THERE is no stopping now the sale of what used to be the MC Adore International Palace and a more than nine-hectare lot in Barangay Talibaew, Calasiao, both properties owned by the people of Dagupan, priding themselves as the Bangus Capital of the World. There is nothing wrong with the selling per se, especially given the city hall’s justification that the proceeds of the sale will be used for “priority development programs and projects”. But the problem is the route towards the two planned transactions has been shady, marred with too many obviously irregular proceedings.
To begin from the very beginning, those two properties were purchased using public funds with a specific purpose, not with the intent to re-sell them. The Calasiao lot was supposed to be the site for a government housing project for city employees. On the other hand, the MC Adore, formerly a privately-owned grand hotel in the heart of Dagupan’s downtown, was envisioned to become the new city hall and a center for government agencies by Mayor Benjamin Lim, now himself the one who has been in eager pursuit of selling it.
Granted that Dagupeños would benefit more from the sale than the original objectives, why the apparent railroading? It must be stressed that the resolution that gave the mayor blanket authority to initiate the negotiation and sale of the two properties was hastily passed during a special Sangguniang Panglungsod session called by Lim. And now the choice of committee chair, City Administrator Vladimir Mata, an appointee and close ally of Lim, is suspect. Remember that Mata was part of the cabal that railroaded the purchase of the overpriced 30-hectare lot in San Jacinto during Lim’s earlier term, ostensibly for the sanitary landfill of Dagupan.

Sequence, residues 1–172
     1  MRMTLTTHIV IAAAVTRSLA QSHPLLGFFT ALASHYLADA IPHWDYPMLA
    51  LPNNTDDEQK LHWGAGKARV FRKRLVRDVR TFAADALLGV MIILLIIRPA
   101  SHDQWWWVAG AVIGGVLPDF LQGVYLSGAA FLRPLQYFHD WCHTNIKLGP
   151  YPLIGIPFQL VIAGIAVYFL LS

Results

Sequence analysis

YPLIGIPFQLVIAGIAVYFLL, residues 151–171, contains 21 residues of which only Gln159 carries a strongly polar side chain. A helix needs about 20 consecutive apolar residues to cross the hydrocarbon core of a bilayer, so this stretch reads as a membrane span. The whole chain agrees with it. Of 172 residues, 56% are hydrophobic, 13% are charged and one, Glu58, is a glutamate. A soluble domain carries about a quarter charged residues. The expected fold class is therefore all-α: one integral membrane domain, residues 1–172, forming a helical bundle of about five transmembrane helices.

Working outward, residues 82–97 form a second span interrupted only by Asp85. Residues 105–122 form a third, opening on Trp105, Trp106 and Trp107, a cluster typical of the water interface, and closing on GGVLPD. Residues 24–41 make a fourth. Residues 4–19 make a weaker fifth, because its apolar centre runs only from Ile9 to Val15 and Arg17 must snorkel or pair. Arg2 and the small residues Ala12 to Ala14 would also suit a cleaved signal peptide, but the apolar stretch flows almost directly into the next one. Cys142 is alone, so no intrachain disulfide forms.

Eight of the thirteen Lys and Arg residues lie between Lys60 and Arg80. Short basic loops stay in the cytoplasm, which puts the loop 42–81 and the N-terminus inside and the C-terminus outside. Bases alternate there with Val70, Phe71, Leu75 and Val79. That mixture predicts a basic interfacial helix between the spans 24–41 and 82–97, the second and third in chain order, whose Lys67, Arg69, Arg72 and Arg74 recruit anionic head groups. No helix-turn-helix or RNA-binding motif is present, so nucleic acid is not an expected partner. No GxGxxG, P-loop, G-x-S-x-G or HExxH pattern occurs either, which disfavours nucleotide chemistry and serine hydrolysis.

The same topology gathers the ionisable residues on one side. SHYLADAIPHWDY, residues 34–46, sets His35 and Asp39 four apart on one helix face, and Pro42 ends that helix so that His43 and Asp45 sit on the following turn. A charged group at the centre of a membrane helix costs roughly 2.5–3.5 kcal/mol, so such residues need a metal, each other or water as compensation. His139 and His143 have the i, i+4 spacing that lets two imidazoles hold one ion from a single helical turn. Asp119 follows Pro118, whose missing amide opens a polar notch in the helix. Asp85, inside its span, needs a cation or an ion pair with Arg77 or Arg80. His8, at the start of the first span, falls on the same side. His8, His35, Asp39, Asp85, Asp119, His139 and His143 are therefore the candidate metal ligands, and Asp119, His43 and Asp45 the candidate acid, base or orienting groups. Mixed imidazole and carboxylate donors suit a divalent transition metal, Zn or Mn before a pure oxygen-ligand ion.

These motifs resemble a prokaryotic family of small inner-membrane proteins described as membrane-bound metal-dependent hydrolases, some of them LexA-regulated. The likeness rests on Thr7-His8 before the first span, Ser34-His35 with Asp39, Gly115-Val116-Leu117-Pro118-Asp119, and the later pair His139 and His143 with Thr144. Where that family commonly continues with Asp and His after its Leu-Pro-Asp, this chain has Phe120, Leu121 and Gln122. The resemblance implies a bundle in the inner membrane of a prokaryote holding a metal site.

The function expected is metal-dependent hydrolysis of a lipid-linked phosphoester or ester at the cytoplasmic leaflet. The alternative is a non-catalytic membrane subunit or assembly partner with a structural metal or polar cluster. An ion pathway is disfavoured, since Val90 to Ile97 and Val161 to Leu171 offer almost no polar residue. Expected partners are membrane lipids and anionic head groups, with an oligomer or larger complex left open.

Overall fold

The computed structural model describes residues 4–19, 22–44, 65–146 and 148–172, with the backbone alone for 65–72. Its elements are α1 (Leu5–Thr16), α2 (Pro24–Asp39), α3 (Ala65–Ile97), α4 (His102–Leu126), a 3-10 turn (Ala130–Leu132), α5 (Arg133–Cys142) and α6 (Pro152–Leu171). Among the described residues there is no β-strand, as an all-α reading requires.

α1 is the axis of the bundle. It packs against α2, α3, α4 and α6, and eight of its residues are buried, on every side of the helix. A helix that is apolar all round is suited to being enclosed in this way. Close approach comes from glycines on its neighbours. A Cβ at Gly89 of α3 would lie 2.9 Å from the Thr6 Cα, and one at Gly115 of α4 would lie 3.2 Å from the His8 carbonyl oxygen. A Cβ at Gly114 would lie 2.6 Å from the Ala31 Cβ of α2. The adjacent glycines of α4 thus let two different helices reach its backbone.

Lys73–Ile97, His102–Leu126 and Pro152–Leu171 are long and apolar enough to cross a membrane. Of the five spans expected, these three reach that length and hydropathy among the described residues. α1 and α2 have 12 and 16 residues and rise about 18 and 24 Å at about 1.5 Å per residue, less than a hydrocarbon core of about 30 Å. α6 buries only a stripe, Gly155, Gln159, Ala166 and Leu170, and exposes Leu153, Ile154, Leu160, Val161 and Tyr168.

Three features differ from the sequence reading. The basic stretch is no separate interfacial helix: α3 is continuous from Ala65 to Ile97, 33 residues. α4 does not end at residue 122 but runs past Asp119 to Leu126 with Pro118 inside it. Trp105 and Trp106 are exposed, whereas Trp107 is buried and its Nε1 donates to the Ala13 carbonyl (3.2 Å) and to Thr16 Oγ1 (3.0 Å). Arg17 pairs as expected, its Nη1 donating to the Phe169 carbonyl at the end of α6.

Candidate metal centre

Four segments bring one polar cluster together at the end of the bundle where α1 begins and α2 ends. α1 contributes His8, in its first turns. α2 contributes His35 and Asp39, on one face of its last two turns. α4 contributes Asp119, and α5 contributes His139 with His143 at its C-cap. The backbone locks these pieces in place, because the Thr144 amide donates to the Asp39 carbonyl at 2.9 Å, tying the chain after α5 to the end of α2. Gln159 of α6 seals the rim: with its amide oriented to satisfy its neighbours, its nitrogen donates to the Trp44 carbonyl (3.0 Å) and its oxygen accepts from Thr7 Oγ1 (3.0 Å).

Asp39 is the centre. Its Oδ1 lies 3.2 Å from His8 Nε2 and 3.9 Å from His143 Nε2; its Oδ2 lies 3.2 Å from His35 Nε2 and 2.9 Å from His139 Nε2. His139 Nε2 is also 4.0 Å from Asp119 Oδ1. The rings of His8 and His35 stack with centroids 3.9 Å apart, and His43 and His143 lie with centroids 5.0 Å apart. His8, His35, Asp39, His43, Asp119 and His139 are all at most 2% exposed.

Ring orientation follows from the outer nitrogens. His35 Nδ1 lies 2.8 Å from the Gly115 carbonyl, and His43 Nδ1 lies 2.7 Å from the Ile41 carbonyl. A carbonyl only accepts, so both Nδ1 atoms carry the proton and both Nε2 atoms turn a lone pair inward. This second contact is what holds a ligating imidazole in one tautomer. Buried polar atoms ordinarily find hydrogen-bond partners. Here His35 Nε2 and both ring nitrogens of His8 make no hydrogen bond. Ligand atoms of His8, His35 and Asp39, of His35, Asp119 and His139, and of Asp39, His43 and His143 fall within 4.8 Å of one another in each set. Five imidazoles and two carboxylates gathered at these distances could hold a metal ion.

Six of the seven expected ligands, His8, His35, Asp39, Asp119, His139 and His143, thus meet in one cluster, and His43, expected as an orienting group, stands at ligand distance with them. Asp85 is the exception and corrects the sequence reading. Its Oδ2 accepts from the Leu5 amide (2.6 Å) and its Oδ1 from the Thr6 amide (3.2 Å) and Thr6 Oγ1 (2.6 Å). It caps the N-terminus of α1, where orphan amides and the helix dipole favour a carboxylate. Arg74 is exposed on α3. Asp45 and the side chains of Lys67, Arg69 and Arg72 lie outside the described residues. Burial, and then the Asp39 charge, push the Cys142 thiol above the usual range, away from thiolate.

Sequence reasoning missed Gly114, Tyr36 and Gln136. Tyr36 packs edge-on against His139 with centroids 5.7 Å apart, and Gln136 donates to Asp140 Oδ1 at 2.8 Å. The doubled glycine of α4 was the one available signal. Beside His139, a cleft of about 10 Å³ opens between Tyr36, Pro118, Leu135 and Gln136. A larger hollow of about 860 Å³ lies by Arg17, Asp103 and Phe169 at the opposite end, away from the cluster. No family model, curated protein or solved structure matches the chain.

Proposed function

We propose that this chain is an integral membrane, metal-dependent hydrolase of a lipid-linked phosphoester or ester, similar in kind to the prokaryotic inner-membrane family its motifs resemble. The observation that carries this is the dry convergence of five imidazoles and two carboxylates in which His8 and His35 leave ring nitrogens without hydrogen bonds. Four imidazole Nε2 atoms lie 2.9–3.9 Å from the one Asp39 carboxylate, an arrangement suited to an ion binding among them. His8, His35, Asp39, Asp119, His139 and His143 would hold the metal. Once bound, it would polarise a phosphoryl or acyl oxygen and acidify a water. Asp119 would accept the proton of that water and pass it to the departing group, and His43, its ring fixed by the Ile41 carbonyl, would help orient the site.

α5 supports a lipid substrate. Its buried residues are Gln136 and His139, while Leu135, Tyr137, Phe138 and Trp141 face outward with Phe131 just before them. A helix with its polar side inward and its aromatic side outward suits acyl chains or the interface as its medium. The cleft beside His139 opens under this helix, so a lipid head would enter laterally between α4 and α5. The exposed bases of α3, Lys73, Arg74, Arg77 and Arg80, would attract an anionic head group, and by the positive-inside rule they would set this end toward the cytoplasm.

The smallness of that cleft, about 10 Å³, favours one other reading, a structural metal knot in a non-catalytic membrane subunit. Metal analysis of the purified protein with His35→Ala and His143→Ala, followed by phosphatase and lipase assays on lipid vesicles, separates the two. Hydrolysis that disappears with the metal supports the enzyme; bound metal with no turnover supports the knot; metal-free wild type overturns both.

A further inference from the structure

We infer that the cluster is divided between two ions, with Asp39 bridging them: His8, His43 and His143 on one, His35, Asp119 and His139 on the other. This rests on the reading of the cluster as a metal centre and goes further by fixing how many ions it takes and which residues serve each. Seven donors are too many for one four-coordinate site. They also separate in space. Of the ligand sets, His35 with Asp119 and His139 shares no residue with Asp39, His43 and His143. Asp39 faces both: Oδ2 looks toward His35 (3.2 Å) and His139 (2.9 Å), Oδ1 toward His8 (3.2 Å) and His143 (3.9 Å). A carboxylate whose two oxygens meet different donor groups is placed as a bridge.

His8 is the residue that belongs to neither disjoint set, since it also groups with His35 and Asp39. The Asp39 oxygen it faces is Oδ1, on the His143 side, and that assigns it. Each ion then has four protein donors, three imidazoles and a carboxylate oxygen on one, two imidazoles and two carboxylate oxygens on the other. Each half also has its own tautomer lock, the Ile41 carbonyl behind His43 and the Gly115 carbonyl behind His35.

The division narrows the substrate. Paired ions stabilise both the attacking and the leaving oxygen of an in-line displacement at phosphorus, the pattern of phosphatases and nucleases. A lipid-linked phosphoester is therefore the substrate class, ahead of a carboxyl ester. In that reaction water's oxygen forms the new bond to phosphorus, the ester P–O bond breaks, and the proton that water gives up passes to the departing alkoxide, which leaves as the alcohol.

If city hall is sincere in pursuing what’s best for the city, it should name a chair who is independent-minded, knowledgeable in property assessment, and a career employee – and that would be City Engineer Virginia Rosario. So why wasn’t she even made a member of that crucial committee? Something really smells fishy in the city, and it’s not just the unresolved problem of garbage.
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Today not yesterday
LETTER-to-the-editor writer Ed Dames of San Lorenzo Village, Makati City, wrote: “Chief Justice Renato Corona was found guilty by 20 senators and found innocent by a joker, a son of a dictator, and a lady supposedly with a questionable mental condition.” Dames was referring to Joker Arroyo, Bongbong Marcos and Miriam Defensor-Santiago in that order. But the trio’s votes did not surprise anyone anymore; they had shown naked bias for Corona each time they stood up to argue a point during the impeachment trial.
Joker was a staunch anti-Marcos during martial law and made himself a niche as a human rights lawyer; today, he sides with Bongbong, Marcos’s son. Indeed, history is replete with ironies. Miriam herself is an irony; her misplaced lectures during the trial were enough proof to this.
One is judged on what one is today, not on what one was yesterday.